All our machines are connected to a VPN if they aren't on our local network, we've had no issues over the domain before.
So I get a laptop and try to connect it to the domain, do the same thing I do on all other machines (for laptops we set it as Local Network > VPN > Google DNS):
1- Configure the DNS:
It was a laptop, so I added the following, Local network (192.168.123.321), the VPN (10.1.2.3) and then the google DNS server (22.214.171.124).
2- Head over to the advanced settings and open Network ID:
"bar-technology.local": The error was: "DNS name does not exist." (error code 0x0000232B RCODE_NAME_ERROR) The query was for the SRV record for _ldap._tcp.dc._msdcs.bar-technology.local Common causes of this error include the following: - The DNS SRV records required to locate an AD DC for the domain are not registered in DNS. These records are registered with a DNS server automatically when an AD DC is added to a domain. They are updated by the AD DC at set intervals. This computer is configured to use DNS servers with the following IP addresses: 126.96.36.199 10.1.2.3 192.168.123.321 - One or more of the following zones do not include delegation to its child zone: bar-technology.local local . (the root zone)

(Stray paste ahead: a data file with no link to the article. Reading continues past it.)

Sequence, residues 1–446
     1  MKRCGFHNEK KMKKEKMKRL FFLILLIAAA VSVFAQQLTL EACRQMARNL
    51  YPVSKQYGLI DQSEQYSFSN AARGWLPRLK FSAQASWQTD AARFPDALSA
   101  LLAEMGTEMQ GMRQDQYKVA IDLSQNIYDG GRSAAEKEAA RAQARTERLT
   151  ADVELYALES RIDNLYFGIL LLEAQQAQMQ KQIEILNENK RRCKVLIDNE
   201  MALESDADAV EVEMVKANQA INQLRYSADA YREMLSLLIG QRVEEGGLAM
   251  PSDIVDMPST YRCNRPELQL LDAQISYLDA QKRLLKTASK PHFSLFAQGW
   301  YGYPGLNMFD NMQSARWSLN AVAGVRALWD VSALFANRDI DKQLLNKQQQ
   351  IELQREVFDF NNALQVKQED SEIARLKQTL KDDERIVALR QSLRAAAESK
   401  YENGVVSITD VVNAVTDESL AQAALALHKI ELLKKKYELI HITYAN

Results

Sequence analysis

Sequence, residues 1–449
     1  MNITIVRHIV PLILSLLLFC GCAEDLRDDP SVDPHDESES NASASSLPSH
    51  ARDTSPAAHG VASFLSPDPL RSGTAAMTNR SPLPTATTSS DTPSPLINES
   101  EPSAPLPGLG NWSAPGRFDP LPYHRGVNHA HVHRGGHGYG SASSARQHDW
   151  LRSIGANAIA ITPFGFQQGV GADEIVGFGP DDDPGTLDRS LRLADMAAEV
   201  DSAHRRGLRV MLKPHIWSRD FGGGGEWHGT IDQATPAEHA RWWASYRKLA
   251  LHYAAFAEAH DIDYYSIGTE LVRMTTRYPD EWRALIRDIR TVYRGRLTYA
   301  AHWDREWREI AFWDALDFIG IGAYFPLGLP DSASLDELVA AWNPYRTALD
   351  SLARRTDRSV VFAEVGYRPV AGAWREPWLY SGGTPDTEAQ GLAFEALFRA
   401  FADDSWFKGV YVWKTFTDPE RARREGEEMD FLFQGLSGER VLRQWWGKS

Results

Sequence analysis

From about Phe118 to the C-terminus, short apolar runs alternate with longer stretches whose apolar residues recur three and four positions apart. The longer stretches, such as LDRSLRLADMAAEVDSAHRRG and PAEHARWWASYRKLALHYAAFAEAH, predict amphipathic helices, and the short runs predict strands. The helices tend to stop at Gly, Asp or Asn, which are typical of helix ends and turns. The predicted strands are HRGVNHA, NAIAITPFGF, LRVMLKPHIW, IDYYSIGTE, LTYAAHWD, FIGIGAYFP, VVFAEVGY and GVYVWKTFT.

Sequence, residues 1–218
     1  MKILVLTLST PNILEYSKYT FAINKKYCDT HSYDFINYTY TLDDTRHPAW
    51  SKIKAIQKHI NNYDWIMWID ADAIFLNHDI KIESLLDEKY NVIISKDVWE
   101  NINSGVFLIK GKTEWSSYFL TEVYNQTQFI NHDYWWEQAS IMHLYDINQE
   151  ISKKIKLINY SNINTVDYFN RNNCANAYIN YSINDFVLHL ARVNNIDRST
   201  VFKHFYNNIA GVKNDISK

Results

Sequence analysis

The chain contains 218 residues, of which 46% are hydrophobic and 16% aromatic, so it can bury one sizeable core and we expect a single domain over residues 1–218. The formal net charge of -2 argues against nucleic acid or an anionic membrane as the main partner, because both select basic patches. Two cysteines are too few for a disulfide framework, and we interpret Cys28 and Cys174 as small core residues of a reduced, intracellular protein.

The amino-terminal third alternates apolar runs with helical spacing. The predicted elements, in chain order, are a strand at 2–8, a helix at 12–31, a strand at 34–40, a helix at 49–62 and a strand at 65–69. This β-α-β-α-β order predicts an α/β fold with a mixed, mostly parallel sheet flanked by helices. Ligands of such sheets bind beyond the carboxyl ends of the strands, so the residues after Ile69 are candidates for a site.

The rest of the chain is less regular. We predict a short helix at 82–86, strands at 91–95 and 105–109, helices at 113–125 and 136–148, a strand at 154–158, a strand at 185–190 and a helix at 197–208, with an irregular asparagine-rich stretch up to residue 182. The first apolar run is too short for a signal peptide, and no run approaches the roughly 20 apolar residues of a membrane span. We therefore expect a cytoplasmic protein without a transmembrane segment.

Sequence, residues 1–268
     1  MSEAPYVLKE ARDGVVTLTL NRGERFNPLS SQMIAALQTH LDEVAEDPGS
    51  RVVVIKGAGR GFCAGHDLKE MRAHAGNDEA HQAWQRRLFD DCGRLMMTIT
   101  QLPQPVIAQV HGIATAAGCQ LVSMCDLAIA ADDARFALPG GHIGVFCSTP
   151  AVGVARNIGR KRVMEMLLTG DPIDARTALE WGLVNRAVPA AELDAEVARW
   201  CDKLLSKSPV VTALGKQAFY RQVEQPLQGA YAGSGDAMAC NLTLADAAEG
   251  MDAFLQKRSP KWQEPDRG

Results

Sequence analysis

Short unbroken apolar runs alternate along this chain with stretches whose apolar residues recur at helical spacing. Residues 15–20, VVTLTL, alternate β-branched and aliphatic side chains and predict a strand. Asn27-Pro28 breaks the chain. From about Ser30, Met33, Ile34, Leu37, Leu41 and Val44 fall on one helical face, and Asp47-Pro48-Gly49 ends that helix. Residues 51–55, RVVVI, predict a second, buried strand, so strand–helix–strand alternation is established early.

I have never had the issue on a device with the domain before, and I cant figure out what's wrong? Its currently on the local network, so I tried running it like its on the local network, nothing.
So what do I do from here?
192.168.123.321 is the domain and DNS server
10.1.2.3 is the domain and DNS server on the VPN
188.8.131.52 is the google DNS server
bar-technology.local is the domain (I also tried the NetBIOS name BAR-TECHLOCAL)
Make sure that the first server in your list knows about your AD domain. Since Windows supports per-interface DNS servers, make sure the VPN interface has higher priority than the LAN interface, and that
bar-technology.local is among the configured per-interface domain suffixes.
When you configure multiple DNS resolver addresses on a single interface, they're only tried in case of temporary failure – either if a request timed out and failed to produce a reply at all, or if the reply was along the lines of "server failure".
"No such domain", however, is a permanent error and does not cause a retry. In fact the negative reply even gets cached by the OS.
In other words: If the system starts with your LAN server (192.168.x) and receives a reply "bar-technology.local doesn't exist", that's it – it will not keep trying other DNS servers; it will just accept that the domain doesn't exist.
*.local for anything but mDNS is also a bad idea, but probably too late to rename…)
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